The Liberal Democrats have passed a motion at their autumn party conference calling for an extra £1bn/year to be added to the UK farming budget.
Research by the House of Commons Library, commissioned and analysed by the Lib Dems, has shown that farming subsidies have taken an 8.3% real-terms cut since 2019.
If the 2019 funding of £3.304m had kept pace with inflation, the 2022 budget should have sat at £3.478m.
Instead, last year it was £3.212m, meaning there was a £265m shortfall, or a real-terms cut of 8.3%.
Lib Dem MP for Somerton and Frome Sarah Dyke, who comes from a family of farmers, accused the Conservative government of pushing farmers out of business through a lack of financial support and undercutting them in trade deals.
“The Conservatives have completely abandoned the farming community,” said Ms Dyke, when reading the motion at the conference in Bournemouth on Monday 25 September.
“Everywhere you turn, they are pushing farmers out of business, refusing to give them the financial support they need to keep feeding the nation their great produce.”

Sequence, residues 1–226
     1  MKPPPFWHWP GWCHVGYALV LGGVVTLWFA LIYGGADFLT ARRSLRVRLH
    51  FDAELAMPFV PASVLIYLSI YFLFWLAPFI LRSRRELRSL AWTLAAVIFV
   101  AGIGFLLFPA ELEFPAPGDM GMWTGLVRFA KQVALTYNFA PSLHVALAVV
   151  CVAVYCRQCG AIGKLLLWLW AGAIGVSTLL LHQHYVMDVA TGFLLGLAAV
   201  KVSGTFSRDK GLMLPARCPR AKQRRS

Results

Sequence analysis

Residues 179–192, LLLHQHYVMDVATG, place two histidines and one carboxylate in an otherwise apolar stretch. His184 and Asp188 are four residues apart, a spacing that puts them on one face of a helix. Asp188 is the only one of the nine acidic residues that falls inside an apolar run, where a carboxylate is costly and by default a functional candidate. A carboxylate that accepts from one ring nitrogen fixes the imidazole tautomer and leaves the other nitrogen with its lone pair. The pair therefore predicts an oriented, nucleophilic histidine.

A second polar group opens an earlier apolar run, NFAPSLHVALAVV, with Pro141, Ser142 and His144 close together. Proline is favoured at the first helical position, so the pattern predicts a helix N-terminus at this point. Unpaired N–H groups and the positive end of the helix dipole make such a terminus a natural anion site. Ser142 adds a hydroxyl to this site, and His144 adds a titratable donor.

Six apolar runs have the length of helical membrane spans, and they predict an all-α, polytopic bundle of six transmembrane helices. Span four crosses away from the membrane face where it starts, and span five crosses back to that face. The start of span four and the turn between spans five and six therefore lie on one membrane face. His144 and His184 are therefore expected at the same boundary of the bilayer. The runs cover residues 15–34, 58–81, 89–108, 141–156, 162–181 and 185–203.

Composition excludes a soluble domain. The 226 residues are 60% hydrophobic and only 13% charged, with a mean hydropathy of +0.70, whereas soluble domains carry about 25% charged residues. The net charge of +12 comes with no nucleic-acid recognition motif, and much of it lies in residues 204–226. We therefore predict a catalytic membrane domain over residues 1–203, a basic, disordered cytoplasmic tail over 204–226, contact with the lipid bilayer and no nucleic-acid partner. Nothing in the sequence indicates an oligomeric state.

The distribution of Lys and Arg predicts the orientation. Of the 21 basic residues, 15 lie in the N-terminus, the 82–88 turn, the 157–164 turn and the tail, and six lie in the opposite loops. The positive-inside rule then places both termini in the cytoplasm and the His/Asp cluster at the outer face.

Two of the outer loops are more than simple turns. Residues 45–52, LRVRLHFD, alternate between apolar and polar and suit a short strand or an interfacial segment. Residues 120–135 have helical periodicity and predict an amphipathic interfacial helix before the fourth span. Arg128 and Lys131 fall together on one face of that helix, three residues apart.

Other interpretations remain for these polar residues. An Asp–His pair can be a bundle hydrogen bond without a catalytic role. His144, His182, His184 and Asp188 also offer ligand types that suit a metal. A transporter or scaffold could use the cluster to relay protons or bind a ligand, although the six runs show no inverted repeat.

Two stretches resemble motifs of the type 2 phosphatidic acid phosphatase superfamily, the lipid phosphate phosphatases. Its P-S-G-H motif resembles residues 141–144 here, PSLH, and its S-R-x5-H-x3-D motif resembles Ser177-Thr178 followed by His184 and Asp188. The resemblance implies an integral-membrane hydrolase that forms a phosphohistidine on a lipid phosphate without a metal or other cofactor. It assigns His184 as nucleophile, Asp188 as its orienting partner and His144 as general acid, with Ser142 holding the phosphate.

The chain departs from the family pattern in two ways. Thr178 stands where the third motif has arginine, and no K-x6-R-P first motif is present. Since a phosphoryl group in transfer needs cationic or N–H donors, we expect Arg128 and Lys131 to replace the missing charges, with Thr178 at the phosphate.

Ms Dyke called for more support for local produce, as opposed to post-Brexit trade deals that have undercut farmers and “pushed many farm businesses to the brink”.
“Without this investment, we will see more farms go under and the public will not be able to try our fantastic domestic produce,” said Ms Dyke.
“Farmers are essential to the UK economy and way of life. We have to ensure that can continue long into the future.”
Defra spent £2.23bn on the farming budget in the 2022-23 financial year, which was below the government’s commitment to spend an average of £2.4bn for each year across the life of this parliament.
‘Every penny to be spent’
Defra ministers have pledged to roll over any unspent money into 2024 and promised that every penny earmarked for agriculture by the Treasury will be spent.
The UK government currently allocates about £3.5bn in total to the UK agriculture budget each year – a legacy of the old EU CAP. This figure has not changed since Brexit, but has been eaten into by inflation.
In July, a study commissioned by the RSPB, the National Trust and the Wildlife Trusts, and launched at the Groundswell regenerative farming event, concluded devolved governments must invest at least £4.4bn/year in nature- and climate-friendly farming to meet environmental commitments.
Farmers Weekly has contacted Defra for a comment.